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The return of "God's Play" and Power Football to Arkansas

The holiest of all football plays was on display in the Ozarks on Saturday, and it propelled the Hogs to victory

Wesley Hitt

In the beginning was the run play. And then they invented the forward pass.

Under Bret Bielema, the Hogs are going back to the beginnings of football - and it was never more evident that last Saturday in the Razorbacks' 34-14 win over Louisiana-Lafayette.

When the Hogs needed to deliver the decisive blow to ULa-Laf, they turned to the ground and they turned to "power." Together, Alex Collins, Jonathan Williams and Kiero Small, combined to lead the drive that snuffed out the Rajun' Cajuns - a six-play, 49-yard drive in the third quarter that showcased the most essential play in Arkansas' playbook.

While Doc highlighted two drives to illustrate the offense's balanced attack in the first game, this was the drive stood out to me. It showcased the brand of power football that Arkansas is going to become known for under Bielema's control - and it showcased just how perfect power football can be.

The power run play is not a new or shocking play to anyone - it's Vince-Lombardi-at-the-chalkboard old school - but to this day, it's still an essentially perfect football play.

But coaches and players call it much more than just "perfect." For example, after Florida's upset of LSU in the Swamp last year was fueled by "Power," SI's Andy Staples wrote in his postgame column that the Gators had given it a different moniker:

"We call it God's play," Florida guard James Wilson said with a smile following the Gators' 14-6 upset of LSU. "It's a chance to get our feet in the ground and just muscle up." In Saturday's second half, God's play was the Alpha and the Omega.

And as "Power" was the Alpha and Omega for Florida last year, so it was for Arkansas in the second half against Louisiana.

(However, the power run play is not just holy on its own - it's a trinity of plays built into one. The power run, the play-action pass to the fullback, and the quarterback bootleg to the backside. A well-executed power run play is nearly unstoppable, but the two derivatives help keep an aggressive defense [one that's keyed up to stop the run] at bay. If the defenders crash too hard on the running back, the quarterback flips it over their heads to the fullback or turns and runs the opposite way. That bootleg play sometimes yields hilarious results:)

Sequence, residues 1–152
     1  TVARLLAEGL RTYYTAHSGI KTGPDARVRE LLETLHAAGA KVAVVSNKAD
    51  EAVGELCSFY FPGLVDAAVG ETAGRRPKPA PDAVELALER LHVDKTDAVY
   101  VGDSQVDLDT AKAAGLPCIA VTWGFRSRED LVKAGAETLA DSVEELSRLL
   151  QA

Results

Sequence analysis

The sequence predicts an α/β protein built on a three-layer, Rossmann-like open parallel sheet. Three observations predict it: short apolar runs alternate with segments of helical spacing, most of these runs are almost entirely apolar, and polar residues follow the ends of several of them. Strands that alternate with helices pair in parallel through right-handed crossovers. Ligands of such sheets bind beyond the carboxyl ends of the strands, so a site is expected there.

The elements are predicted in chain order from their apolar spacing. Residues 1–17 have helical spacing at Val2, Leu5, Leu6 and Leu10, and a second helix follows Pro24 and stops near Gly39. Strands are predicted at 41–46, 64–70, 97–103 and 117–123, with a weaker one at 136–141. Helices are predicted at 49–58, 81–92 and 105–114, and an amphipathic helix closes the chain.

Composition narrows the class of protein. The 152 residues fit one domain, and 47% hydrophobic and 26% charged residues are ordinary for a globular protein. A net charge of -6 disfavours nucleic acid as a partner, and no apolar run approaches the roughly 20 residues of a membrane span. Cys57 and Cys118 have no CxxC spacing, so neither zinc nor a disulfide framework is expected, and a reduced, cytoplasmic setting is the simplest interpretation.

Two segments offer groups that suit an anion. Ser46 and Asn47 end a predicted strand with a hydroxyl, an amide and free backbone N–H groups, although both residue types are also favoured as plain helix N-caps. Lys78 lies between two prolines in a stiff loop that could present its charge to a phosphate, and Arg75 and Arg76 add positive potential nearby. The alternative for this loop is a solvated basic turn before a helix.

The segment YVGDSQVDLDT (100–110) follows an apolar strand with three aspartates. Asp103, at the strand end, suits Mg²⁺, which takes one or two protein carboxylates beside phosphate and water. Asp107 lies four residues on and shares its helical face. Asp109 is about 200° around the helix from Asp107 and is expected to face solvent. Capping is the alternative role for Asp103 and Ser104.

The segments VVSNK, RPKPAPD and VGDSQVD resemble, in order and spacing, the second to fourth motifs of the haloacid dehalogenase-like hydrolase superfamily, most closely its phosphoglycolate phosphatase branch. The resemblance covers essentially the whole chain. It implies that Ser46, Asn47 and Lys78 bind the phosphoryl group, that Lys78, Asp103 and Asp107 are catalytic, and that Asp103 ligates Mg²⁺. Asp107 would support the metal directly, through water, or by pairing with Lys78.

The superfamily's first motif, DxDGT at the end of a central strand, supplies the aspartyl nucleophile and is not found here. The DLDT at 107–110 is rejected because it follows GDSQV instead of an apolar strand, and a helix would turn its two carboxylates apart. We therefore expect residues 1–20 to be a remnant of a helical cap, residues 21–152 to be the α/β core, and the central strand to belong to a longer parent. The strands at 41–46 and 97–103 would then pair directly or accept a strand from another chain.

However, on this back-breaking scoring drive in the third quarter of last Saturday's game, Arkansas only needed two parts of the "power trinity."

Here's the pre-snap look on the first play of the drive. Two tight ends, two running backs, one wide receiver:


At the snap, both running backs take off as if they were attached to one another - they're trying to create the gap they want to run the ball into.


However, it's not a run - Brandon Allen doesn't hand the ball off - and Alex Collins plows into an oncoming linebacker, taking the defender out of the play completely.


From there, it's an easy throw from Allen to Kiero Small. With the wideout coming back and setting a block for Small (red arrow), he picks up 8 yards easily.

The very next play is essentially the same, but it's a handoff. The formation is slightly different - the fullback is split to the weak side while both tight ends are to the right side, but it's the same concept.


At the snap, the center and guard both begin to pull toward the right side of the line - they're going to clear the way for Collins this time.


All three inside blockers seal off their men. The one outside blocker crushes his man toward the sideline. And Collins has his hand on Travis Swanson's back, creating a perfect (a Godly?) power-blocking convoy.


Look at that again from the sideline view. This is the kind of play that coaches dream about. The running back with his own personal blocker, storming through the line of scrimmage while four other defenders are absolutely wiped out.


This play went for 17 yards, but it easily could have been a touchdown.

Arkansas tried the same run play on the third, fourth and fifth plays of the drive. Here's the fourth play, with Collins carrying the ball again:





The formation is basically the same and the blocking scheme is basically the same, but it's not executed nearly as well as the second play of the drive. The play still goes for five yards and a first down, but the defense is beginning to catch on to what the Razorbacks are trying to do - run the ball with the "power" play. (Or, if you're more prone to a scientific explanation, they're trying to exert one of the fundamental principles of physics:)


So now it's time to use the second part of the trinity. The Razorbacks run the same play they ran on the first play of the drive - a play-action pass to fullback Kiero Small.

The formation is the same. The running backs take off as if attached at the hip again.


Once again, Collins obliterates a charging linebacker, and Allen has an easy pass to Small. This time, there's no receiver out on the edge to block for him, so he takes the power on himself - and bullies his way into the end zone.



Two plays run over and over again. 49 yards and a back-breaking touchdown. Expect to see this play many, many more times this year and for years to come.

It's not a perfect play. It's God's play. And God saw that it was good.